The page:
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Town council receives Mountain Pine Beetle update

Red Deer News Now
December 7, 2018
Category: Forestry
Region: Canada, Canada West

Rocky Forest Area Manager Kevin Gagne and Forest Health Officer Pam Melnick updated Rocky Mountain House town council this week on the province’s work on controlling the spread of mountain pine beetle. Currently, there are 400,000 hectares affected by mountain pine beetle in Alberta. The province is aiming to slow the spread north and south along the foothills, and eastward, from the Edson area, with single-tree control. In the Rocky Forest Area, about 700 trees infested with mountain pine beetle were cut and burned last year, up from 37 trees in 2017. For the first time, baited trees caught flights of beetles along Hwy. 11 west of Rocky Mountain House. Mountain pine beetle has also been confirmed on a private property near Cow Lake, and two properties north of Leslieville.

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Revelstoke-area petition to end wolf cull submitted to province

By Liam Harrap
Revelstoke Review
December 6, 2018
Category: Forestry
Region: Canada, Canada West

Conservation group Wolf Awareness submitted a petition last month to the B.C. government to end wolf culling. “Wolves didn’t put caribou in this terrible situation. We did,” says Sadie Parr, executive director of Wolf Awareness. The petition has over 3,000 signatures from across the province. The aerial wolf management program was introduced in 2015 and was scheduled for five years. So far, 527 wolves have been killed province-wide. The program included the Revelstoke area in 2017. …“I am extremely concerned that my tax dollars are funding an inhumane wildlife program that is being done under the guise of conservation,” says Parr. …According to Wildsafe B.C. there are approximately 8,500 wolves in B.C and the B.C. government says that number is increasing. …The B.C. government also states that the forestry sector has a significant impact on caribou habitat. Parr says conserving habitat is more important for caribou. Much more so than killing other wildlife.

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Planning for future Haida Gwaii wildfires catches on

By Andrew Hudson
Haida Gwaii Observer
December 5, 2018
Category: Forestry
Region: Canada, Canada West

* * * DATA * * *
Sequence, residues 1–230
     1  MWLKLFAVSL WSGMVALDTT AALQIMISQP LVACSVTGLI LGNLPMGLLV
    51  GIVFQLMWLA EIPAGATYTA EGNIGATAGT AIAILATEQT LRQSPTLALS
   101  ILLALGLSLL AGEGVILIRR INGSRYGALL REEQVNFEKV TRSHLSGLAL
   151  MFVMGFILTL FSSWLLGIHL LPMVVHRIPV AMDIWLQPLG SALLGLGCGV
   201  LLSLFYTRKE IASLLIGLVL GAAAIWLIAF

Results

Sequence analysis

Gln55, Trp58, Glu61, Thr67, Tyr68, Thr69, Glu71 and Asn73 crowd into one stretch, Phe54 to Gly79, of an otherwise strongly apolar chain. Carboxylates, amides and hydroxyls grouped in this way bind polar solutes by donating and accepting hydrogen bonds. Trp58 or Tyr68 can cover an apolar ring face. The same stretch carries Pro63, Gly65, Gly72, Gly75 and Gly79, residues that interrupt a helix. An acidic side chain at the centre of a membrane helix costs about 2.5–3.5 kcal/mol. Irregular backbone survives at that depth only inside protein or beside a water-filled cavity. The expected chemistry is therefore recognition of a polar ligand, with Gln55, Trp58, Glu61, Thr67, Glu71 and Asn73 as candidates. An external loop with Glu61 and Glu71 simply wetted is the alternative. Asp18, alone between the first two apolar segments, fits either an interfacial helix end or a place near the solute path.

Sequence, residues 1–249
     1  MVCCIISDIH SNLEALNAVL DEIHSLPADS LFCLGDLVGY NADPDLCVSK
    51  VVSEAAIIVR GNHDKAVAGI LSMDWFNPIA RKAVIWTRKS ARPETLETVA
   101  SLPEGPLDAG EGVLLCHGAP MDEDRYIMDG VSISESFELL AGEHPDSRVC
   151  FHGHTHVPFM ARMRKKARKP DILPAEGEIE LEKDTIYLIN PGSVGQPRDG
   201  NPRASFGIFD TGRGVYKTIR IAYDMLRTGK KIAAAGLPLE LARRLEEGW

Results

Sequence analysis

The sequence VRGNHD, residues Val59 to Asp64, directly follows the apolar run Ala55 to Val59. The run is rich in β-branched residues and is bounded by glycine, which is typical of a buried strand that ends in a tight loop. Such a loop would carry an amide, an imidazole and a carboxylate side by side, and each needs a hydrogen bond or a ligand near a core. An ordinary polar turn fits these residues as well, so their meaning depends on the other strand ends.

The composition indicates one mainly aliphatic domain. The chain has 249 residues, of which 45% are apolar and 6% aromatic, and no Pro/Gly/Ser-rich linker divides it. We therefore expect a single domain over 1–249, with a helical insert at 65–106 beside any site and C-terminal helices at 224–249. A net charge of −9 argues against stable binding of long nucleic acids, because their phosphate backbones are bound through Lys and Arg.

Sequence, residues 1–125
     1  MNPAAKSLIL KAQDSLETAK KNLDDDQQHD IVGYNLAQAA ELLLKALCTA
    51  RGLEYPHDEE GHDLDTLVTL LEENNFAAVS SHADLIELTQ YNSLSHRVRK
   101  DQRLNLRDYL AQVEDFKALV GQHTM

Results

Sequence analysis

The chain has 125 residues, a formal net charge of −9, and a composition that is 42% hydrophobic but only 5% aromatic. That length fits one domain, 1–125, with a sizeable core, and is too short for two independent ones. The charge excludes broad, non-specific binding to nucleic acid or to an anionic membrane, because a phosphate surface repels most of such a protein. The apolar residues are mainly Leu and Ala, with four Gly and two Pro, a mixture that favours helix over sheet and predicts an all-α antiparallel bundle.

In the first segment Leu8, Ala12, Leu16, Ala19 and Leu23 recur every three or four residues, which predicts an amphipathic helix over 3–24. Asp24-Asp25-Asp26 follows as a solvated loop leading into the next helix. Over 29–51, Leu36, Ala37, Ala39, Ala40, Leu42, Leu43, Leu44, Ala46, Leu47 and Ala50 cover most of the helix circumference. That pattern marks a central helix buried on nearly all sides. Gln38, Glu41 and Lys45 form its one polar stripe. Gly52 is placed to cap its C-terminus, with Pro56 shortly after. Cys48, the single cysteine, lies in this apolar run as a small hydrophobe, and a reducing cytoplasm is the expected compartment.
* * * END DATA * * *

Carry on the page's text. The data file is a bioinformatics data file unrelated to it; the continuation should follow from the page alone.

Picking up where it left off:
Masset and Port Clements will join Sandspit, Skidegate, Queen Charlotte in seeking funds for a community wildfire plan. On the heels of another record-setting wildfire season in mainland B.C., Doug Donaldson, B.C.’s forests minster, recently announced a $50-million, three-year program to help local governments and First Nations reduce their wildfire risk. As a first step, elected leaders on Haida Gwaii are looking at a provincial grant of up to $25,000 that can be used to hire professional wildfire protection consultants. If every islands community signs on, it may be less costly to do.

 

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From the Hill: California Wildfires Rage, Raise Land Management Concerns

By Chaille Brindley
TimberLine
December 9, 2018
Category: Forestry
Region: United States

…Forestry researcher and scientists from the University of Washington, Jerry Franklin and James Agee, once called for a comprehensive policy considering all aspects of wildland management, not just fuels and fire suppression. Even more research needs to be done to understand the appropriate restoration policies after a fire. Franklin and Agee also pointed out that forest restoration projects may require logging some mid-sized trees to help pay for cost associated with reducing fuel load and clearing out smaller trees and brush. This line of thinking is strongly opposed by green groups, which view logging with suspicion. …A huge dilemma is how to pay for a problem that has taken decades to develop. One innovative idea is forest restoration projects that are funded by a Forest Resilience Bond (FRB).